- Make the Case. Developing a compelling case for conservation funding includes identifying existing state or local needs.
Are existing programs underfunded? Are there funding gaps that require the creation of new programs? Conducting a needs assessment that includes the input of decision makers, public agencies, and community organizations can play a key role.
- Build a Coalition of Partners. To effectively pass a ballot measure, campaign organizers must assemble a strong coalition of partners that bring different strengths to the table.
A variety of stakeholders should be represented including community organizations, elected officials, the business community, and more.
Organizers should think about who needs to be involved to achieve success, how to best engage those parties, and how to negotiate the conflicting needs and desires of different stakeholders.
Successful campaigns focus on creating champions who believe in the campaign’s goals and embrace the hard work of raising awareness and persuading voters.
- Identify a Funding Mechanism. There are two ways to generate public funding for conservation using ballot initiatives: through the reallocation of existing general fund resources or the creation of revenues through a new tax or fee.
Specific finance mechanisms include general-obligation bonds, lottery-revenue income, sales-tax funding, corporate-business tax, and real-estate-transfer tax and fees, among others.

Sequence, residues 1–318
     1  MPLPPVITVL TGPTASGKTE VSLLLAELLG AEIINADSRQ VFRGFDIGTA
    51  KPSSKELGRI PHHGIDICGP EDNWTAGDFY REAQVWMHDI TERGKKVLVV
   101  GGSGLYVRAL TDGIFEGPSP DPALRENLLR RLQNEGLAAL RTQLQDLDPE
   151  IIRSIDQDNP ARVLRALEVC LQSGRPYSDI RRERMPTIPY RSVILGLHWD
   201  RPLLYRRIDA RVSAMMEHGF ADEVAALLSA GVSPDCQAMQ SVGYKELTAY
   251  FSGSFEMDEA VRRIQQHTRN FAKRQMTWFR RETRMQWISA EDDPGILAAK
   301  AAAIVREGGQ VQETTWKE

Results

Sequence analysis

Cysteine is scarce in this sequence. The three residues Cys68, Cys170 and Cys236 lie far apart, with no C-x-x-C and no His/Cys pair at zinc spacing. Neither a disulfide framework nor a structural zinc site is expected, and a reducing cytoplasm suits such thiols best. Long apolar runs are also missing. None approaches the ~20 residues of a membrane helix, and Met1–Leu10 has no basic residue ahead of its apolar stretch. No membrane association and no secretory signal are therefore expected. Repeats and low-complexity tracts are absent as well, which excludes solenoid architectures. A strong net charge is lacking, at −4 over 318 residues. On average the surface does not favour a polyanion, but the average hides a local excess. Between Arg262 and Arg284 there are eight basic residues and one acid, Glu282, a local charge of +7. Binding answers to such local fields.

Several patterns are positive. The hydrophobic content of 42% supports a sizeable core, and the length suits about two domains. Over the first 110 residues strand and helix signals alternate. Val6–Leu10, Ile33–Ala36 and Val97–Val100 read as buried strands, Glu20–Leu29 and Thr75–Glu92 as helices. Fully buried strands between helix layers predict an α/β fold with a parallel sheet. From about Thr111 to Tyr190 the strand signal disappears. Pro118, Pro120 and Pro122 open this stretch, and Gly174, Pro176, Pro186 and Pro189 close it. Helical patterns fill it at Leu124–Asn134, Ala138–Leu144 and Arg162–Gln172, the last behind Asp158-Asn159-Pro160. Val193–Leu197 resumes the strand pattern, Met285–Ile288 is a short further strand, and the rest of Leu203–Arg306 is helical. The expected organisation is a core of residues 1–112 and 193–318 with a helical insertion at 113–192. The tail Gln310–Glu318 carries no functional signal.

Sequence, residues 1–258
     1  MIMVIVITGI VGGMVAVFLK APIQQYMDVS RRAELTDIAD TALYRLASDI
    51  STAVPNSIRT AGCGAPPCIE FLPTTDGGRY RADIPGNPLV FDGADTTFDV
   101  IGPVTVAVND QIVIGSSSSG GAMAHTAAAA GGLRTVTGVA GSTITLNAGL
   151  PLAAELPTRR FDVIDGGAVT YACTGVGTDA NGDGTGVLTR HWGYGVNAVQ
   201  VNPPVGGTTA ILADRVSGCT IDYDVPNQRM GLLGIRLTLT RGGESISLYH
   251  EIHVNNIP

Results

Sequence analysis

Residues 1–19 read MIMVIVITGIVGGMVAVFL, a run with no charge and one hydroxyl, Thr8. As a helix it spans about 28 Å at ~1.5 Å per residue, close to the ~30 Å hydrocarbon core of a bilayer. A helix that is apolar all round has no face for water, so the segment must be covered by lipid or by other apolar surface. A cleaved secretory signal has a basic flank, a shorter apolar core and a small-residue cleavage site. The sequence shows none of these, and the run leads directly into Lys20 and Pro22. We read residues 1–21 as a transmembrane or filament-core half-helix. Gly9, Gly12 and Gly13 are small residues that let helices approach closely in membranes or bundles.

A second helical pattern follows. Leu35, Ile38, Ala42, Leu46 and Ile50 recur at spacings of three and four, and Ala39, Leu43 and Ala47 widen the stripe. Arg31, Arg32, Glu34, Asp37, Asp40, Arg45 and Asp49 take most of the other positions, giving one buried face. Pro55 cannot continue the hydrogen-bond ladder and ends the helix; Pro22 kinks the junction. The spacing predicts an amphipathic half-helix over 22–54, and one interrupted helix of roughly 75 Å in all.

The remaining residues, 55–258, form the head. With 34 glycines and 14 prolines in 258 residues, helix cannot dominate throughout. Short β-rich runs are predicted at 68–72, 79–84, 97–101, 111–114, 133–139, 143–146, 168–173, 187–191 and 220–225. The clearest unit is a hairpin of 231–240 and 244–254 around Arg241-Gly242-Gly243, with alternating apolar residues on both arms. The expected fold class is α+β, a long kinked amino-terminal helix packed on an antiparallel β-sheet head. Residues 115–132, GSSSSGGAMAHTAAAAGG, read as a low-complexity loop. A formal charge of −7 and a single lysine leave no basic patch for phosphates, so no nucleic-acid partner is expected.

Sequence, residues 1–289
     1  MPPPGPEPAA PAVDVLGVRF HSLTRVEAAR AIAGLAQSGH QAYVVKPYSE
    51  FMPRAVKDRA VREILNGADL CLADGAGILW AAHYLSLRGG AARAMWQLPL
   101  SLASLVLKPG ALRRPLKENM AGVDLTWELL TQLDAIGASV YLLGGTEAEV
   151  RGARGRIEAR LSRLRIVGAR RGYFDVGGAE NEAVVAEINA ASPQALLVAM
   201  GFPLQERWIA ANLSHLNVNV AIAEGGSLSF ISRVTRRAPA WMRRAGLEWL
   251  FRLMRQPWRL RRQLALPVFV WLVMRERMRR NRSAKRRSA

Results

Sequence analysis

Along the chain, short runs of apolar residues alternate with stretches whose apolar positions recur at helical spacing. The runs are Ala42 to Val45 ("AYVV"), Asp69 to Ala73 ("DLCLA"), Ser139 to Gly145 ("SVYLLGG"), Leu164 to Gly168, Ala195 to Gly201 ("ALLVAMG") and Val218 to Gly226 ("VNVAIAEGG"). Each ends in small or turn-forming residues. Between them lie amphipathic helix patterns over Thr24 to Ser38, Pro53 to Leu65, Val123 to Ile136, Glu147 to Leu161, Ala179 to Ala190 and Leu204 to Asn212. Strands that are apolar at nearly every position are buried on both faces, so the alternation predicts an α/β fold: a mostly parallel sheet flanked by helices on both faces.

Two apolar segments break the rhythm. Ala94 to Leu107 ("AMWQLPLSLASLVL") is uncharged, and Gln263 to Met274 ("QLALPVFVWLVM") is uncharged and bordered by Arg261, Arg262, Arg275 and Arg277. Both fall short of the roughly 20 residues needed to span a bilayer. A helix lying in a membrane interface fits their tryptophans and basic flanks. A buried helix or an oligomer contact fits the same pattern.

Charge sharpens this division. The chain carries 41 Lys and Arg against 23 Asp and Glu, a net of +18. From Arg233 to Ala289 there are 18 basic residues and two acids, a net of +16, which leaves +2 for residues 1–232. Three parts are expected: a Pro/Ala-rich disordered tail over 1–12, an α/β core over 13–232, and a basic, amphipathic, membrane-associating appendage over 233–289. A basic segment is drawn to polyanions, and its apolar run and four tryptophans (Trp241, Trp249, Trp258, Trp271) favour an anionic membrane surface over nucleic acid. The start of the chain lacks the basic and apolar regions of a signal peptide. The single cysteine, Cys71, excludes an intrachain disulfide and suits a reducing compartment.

Preliminary research must be undertaken to understand different financial mechanisms and how much funding they could generate for conservation.
- Conduct Public-Opinion Research. Once funding mechanisms are identified, campaign organizers should conduct extensive public-opinion research.
This research allows organizers to test public support for conservation programs, identify financial sources, and consider ballot titles.
Research provides valuable insights into voters’ values, priorities, and views about conservation.
Polling also helps organizers decide how to compellingly communicate issues. Furthermore, research provides a critical way to test opposition messaging in order to gauge its impact in eroding public support.
Survey research and focus groups are expensive but necessary to understand the odds of winning and scale of resources required. In addition to polling, feasibility research should include investigation of voter demographics and political climate. The state or locality’s fiscal health is also important to examine.
- Draft Legislation. Drafting the legislation that will ultimately go to voters involves multiple steps and should rely on local legal advice. This process involves negotiations about where funds will be spent based on identified needs, coalition interests, and political feasibility.
If the measure is a referendum, it has to go through a legislative process involving numerous committee hearings and floor votes, which could result in many amendments.